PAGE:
January 2010, Volume 60, Issue 1

Letter to the Editor

Depression during pregnancy: causes, risk factors and treatment

Madam, maternal mental health problems have emerged as great human, social and economic burden affecting mothers and their babies, families and societies. Women are twice more vulnerable to mental illness disorders than men, especially those in their childbearing age. Studies show that the prevalence of depression is 5% in non-pregnant and 8-10% in pregnant women, however, 13% women suffer from depression within one year of their deliveies.1
Depression is not merely feeling unwell, unhappy or down for a few days. It is a common mental disorder adversely affecting a person's mood, likes and dislikes, perceptions and feelings, sleep, appetite and concentration. When chronic, it can disrupt an individual's routine life interfering with his duties and responsibilities to his or her own self and society as a whole.
A woman presenting with persistent body and headache, feeling of worthlessness, disappointment and sorrow, sleeplessness, forgetfulness and loss of interest in activities previously enjoyed is suspected of suffering from depression and should consult a doctor.2
Depression is a multifactorial disorder with a genetic predisposition. It can be due to changes in brain chemistry, stressful life events or hormonal factors. A personal history of depression, young age, lack of support from loved ones, anxiety of pregnancy, complications of a previous pregnancy, marriage or monetary problems are some of its risk factors.2 It's association with premature deliveries and low birth weight babies have been established and it increases the risk of complications during and after pregnancy.2 A recent research emphasized upon the prevalence of Ante Natal depression amongst the less educated and socially deprived women.3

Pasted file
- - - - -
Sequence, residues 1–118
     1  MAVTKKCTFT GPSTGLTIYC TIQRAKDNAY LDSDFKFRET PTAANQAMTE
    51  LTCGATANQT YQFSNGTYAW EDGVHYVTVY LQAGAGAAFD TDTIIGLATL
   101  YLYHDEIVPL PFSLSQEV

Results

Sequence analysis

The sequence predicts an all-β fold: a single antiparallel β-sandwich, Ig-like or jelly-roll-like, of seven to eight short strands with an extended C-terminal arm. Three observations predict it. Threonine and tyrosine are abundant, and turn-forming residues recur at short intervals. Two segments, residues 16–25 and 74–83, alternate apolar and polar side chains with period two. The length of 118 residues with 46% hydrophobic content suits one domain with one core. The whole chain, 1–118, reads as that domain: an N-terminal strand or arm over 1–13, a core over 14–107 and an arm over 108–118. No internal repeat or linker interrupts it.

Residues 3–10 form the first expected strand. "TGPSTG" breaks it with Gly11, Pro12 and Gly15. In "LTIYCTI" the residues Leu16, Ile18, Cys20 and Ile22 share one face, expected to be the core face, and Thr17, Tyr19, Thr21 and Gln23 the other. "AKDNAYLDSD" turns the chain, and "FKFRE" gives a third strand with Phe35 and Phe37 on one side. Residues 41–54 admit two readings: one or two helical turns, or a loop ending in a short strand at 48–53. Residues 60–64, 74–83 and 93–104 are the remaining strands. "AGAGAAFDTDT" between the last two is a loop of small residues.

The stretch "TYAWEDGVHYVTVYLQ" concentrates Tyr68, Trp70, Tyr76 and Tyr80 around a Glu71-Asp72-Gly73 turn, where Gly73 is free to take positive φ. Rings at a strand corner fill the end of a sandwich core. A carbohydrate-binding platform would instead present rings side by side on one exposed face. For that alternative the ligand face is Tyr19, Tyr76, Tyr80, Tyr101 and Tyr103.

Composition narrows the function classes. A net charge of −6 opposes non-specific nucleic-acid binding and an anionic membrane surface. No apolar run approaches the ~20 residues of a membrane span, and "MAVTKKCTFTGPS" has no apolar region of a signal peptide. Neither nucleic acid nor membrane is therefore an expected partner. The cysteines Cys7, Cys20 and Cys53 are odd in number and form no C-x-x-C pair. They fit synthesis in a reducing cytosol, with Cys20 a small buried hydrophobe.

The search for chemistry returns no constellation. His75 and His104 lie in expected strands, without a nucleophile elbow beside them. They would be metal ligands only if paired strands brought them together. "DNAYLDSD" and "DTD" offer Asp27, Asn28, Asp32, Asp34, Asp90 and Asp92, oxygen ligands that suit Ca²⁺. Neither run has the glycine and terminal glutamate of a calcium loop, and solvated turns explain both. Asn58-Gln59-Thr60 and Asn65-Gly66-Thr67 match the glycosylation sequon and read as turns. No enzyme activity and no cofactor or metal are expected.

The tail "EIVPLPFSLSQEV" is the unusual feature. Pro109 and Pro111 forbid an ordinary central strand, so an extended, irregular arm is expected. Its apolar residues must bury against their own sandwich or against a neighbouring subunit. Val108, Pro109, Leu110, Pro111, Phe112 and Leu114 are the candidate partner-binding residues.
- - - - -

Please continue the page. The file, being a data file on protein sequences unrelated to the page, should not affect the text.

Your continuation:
Commonly two types of treatments are available. Firstly, Talk therapy i.e. talking and counseling the patient and secondly Medicines, keeping in mind the risk factors of anti depressants during pregnancy.3
So as to prevent depression, women should be regularly screened in order to determine whether they are at risk or not keeping in mind the above mentioned risk factors A study was carried out employing the Edinburgh Post Natal Depression Scale during pregnancy and 7.7% women were found positive for depression during their ante partum period highlighting the importance of screening during pregnancy.4
In conclusion efforts should be made in order to improve education, awareness, and access of women to hospitals so that the burden of maternal health problem during pregnancy should be avoided.
Muhammad Owais Khan, Syed Muhammad Ali Saad
4th Year Student, Dow Medical College.


1.Online. Cited July 27 2009. Available from URL: http://www.who.int/mental_health/prevention/suicide/MaternalMH/en/.
2.Depression during and after pregnancy. (Online) (Cited July 28 2009). Available from URL: http://www.womenshealth.gov/FAQ/depression-pregnancy.cfm#b.
3.Husain M, Chaudhry I, Saeed Q, Khan S, Hassan Q, Husain N. Social stress and depression during pregnancy in women of a low income country; European Psychiatry 2009; 24: (Suppl 1) S622.
4.Kim J, Gordon T, La Porte L, Adams M, Kuendig J, Silver R. The utility of maternal depression screening in the third trimester. Am J Obstet Gynecol 2008; 199: 509.e1-509.e5.

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